The man who made sure the dead got justice...
Hubert Murphy talks to former inspector Pat Marry and the role he played in key murder cases
A toenail, just a toenail, that's all we wanted.' But Det Inspector Pat Marry and his garda colleague, Brendan Duffy, just couldn't get it. The sands of time had run out on Ciara Breen.
This week, as the former top detective releases his book - The Making of a Detective - in the d Hotel in Drogheda on Tuesday, October 1 - he revealed that not finding the body of the Dundalk teenager is still something that disappoints him to this day. But he says there are people in Dundalk who know what happened to Ciara and he still asks them to come forward to end a nightmare that has gone on for two decades.
Ciara Breen (17) went missing in Dundalk in February 1997.
Almost 20 years later, in 2015, gardai began searching Balmer's Bog for her remains. But with no joy.
'It's the one that disappoints me to this day. We were sure she was in the bog with the chief suspect the night she disappeared. We were so close to finding her, we needed a bone, a toenail, just a toenail, that's all we wanted,' he stated.
'I gave my word to Bernadette (Ciara's late mother) that we'd do our best and it was disappointing that we couldn't bring it home.'
The garda investigation was badly impacted by the fact that 500 tons of rubble was dumped in the area in the years after Ciara's death. 'It was covered with top soil and that just halved our chances again of finding her,' he added.
Ciara's case was part of Operation Trace, looking into the disappearance of several women.
'But we knew Ciara wasn't killed by a serial killer. What we had was solid, but we just couldn't prove she was dead.
'It's upsetting still, we were so close.'
Now living in Mullingar and working as a private investigator, Pat was involved in a series of murder investigations and nearly always got a result.
'You never forget the dead and I always found empathy with families of victims.
'You get an uneasy quietness at murder scenes and you feel the person's spirit is still there. They look to you to give them justice.
'I know what the families are going through and they rely on you to take a case seriously and not let them down.'
Pat would always try to find out what he could about the victim and even in their death, 'you get to know them well,' he explains.
'They were taken at a time they didn't want to go and no-one has the right to do that to them.'
His focus was always on making a difference in people's lives and he feels he did that whenever possible. When he left the Gardai, he got letters of thanks from families. They remain close to his heart.
'You meet families in the worst circumstances. They want to know why their loved one was killed and who did it. The truth is what they want and I always gave them the full facts, even if that was hard. People should always be told the full story.'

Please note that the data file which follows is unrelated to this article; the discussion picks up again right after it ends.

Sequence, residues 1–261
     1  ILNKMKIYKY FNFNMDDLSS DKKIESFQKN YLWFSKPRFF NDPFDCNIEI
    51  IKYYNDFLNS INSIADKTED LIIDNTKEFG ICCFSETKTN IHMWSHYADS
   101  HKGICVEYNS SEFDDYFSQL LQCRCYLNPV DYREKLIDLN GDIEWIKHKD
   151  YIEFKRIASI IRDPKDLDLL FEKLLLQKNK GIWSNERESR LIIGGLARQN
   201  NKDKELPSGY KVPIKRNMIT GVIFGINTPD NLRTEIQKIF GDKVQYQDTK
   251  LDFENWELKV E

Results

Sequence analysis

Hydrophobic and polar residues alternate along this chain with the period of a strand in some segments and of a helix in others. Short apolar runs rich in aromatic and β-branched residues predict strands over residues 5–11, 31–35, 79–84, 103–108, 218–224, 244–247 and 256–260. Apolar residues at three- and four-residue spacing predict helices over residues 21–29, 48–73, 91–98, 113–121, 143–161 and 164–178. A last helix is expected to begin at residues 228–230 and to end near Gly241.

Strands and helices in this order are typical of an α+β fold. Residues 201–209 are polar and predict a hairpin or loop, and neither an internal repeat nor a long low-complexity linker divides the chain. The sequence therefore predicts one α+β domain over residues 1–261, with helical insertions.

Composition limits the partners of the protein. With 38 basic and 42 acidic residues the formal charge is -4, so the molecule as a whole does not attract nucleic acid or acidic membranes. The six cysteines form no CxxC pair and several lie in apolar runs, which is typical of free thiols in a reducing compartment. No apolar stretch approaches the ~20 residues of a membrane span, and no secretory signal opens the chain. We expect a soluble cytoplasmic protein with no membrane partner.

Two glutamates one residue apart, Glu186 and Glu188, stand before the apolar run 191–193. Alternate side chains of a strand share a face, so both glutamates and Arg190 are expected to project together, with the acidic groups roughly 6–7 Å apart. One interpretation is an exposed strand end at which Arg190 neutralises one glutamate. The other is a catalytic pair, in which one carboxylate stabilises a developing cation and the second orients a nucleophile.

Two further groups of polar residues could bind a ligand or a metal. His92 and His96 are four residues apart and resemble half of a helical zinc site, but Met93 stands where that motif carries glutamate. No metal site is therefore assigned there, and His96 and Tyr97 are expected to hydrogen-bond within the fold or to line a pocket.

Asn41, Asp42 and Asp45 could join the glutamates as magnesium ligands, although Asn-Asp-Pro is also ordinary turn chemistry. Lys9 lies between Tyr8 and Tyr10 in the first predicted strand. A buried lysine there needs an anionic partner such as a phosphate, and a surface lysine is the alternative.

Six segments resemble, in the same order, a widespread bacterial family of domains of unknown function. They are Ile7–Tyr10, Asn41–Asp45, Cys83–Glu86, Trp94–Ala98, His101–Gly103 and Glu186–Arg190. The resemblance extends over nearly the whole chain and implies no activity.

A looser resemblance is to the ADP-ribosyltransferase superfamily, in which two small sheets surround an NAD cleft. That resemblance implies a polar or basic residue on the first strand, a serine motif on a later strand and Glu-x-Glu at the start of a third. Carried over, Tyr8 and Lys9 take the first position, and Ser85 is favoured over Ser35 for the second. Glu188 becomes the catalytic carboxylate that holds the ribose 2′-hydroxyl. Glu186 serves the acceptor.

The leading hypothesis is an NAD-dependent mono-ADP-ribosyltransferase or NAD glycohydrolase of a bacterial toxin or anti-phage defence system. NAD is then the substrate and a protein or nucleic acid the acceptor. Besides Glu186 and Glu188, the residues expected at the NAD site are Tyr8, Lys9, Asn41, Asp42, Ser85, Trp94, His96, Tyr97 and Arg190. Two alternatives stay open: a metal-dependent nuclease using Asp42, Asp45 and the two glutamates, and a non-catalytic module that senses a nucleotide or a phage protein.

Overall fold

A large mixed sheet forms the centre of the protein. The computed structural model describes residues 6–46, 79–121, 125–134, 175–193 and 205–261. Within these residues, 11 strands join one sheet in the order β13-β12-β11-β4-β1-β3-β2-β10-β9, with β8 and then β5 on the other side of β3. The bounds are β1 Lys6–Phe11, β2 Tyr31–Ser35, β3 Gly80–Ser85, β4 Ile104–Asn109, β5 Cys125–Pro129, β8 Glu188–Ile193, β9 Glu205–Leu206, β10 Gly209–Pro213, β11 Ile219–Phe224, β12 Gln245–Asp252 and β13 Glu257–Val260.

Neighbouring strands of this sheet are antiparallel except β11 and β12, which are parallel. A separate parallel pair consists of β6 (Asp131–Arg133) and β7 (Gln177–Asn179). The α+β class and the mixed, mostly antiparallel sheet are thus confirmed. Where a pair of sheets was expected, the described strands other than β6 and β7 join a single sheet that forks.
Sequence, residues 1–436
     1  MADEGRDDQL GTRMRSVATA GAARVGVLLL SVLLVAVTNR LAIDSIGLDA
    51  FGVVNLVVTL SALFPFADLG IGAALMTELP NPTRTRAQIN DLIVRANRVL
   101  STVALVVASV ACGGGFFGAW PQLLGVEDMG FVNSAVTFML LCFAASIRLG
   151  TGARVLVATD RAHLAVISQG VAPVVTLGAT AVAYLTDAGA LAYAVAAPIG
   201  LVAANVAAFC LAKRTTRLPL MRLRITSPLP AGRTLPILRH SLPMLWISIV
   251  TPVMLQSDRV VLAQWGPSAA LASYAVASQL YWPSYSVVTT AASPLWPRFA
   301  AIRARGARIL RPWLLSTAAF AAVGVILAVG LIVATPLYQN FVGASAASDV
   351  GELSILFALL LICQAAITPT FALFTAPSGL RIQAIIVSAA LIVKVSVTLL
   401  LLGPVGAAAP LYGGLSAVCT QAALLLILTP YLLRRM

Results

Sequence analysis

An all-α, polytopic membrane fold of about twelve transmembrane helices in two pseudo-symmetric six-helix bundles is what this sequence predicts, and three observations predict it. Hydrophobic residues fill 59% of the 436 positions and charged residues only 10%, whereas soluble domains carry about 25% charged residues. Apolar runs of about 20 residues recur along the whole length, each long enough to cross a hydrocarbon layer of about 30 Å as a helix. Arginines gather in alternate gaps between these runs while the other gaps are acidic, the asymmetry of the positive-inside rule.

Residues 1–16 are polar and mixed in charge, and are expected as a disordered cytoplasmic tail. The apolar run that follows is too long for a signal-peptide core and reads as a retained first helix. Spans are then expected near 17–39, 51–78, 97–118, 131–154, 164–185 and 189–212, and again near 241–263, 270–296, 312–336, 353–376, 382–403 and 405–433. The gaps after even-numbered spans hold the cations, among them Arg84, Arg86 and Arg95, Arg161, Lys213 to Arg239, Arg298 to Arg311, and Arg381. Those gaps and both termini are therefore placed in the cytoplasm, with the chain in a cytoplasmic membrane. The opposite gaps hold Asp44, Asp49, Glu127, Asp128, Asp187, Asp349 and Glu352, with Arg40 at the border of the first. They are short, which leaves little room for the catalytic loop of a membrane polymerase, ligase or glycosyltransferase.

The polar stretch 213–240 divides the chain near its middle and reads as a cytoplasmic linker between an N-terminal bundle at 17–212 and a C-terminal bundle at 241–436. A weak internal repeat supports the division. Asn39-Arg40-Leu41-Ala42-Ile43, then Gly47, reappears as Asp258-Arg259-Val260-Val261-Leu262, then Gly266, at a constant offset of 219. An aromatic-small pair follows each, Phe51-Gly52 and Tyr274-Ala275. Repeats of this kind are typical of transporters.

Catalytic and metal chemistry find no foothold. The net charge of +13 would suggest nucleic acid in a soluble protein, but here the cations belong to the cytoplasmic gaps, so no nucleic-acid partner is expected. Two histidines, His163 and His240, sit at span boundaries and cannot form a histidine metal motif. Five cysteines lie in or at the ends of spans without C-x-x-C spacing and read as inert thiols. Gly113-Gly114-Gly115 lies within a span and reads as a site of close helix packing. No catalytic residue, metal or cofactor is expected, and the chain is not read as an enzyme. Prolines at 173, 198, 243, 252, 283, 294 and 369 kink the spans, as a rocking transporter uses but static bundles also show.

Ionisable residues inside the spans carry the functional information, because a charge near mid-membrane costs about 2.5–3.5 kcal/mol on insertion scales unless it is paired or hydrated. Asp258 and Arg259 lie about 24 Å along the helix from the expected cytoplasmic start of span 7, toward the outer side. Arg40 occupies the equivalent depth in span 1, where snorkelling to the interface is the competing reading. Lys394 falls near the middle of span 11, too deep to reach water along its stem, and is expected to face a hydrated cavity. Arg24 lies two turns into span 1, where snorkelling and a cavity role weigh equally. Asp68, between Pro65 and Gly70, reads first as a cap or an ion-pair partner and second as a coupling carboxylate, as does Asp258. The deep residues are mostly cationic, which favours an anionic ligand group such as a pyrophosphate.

He believes that the Garda are there to serve the people and that is something he always said to his team - you are accountable to your superiors, the public and the courts.'
If there's anything he misses from his days in the force, it is the officers he served with - all magnificent professionals - but not the job itself.
'I believe Chief Supt Christy Mangan is a breath of fresh air in Louth. He has massive experience and is not afraid to stand up and be counted.'
One of his most difficult cases was the March 2012 murders of 31-year-old Anthony Burnett and 25-year-old Joseph Redmond.
Their remains were found in a burning car in Ravensdale. 'We had a burnt out car and two skeletons and we asked each other, how will we get to the bottom of this.'
But months of work, including bringing in experts from Bristol who study cars on CCTV systems, found that a car that had been chased by the PSNI that same night and was later abandoned was linked to the killing of the two men. 'The suspects had changed the number plates, but left the tax discs the samem so we could say they were the same vehicle that was chased and that had been earlier spotted on CCTV following the vehicle that was set on fire.'
The murder of Jacqueline McDonagh in Dundalk also saw him meet experts in the field of steroid use and how it impacts on a body - but enough to kill?
He recalled the Rachel O'Reilly murder case in the Naul, her husband Joe, jailed for life for her killing. 'He would say he couldn't get a fair trial due to the huge media coverage, but we investigated the stories and found he had generated 30% of them himself.'
He also came face to face with the killer of Mary Gough in a Spanish jail.
Mary Gough (27) had been married to Colin Whelan for just six months when her body was found at the bottom of the stairs in their home in Clonard Street, Balbriggan, Co Dublin, on March 1st, 2001.
Later, Whelan faked his death and left for Spain, but was spotted and arrested and it was down to Pat Marry to bring him home.
'It was the first extradition case from Spain to Ireland and I flew to Madrid and met the police there. I went down to the cells and it was like something from the Silence of the Lambs with these faces looking out. Then I came to Colin Whelan's cell and he was standing beside a bed. We looked at each other and nodded. He knew the game was up.'
His late brother was his inspiration for the book and he fondly recalls his words of encouragement. 'He died in 2018 and always wanted me to write my stories down and this is it,' he stated.
A keen musician, Pat is part of the committee bringing the Fleadh to Mullingar in 2020 and 2021, while he also does charity work with the Irish Heart Foundation and stroke survivors.
'In my garda life, I felt I made a difference and I suppose that was something I remember from the Jacqueline McDonagh case. A year after the trial, her parents asked to meet me for a cup of tea and I agreed. I wondered what they wanted, but when we met they simply said they wanted to say thank you.'